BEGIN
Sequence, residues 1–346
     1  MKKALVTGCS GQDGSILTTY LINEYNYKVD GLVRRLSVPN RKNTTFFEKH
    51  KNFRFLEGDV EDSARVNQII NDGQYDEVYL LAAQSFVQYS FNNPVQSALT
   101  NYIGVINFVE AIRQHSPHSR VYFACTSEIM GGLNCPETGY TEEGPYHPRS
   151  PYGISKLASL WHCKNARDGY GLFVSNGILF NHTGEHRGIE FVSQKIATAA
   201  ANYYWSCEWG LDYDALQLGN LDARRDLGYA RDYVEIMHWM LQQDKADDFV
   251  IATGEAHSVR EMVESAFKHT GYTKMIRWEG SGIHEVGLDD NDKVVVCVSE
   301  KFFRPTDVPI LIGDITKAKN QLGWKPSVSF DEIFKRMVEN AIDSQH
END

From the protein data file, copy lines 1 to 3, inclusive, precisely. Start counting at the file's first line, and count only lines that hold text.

Sequence, residues 1–346
     1  MKKALVTGCS GQDGSILTTY LINEYNYKVD GLVRRLSVPN RKNTTFFEKH
    51  KNFRFLEGDV EDSARVNQII NDGQYDEVYL LAAQSFVQYS FNNPVQSALT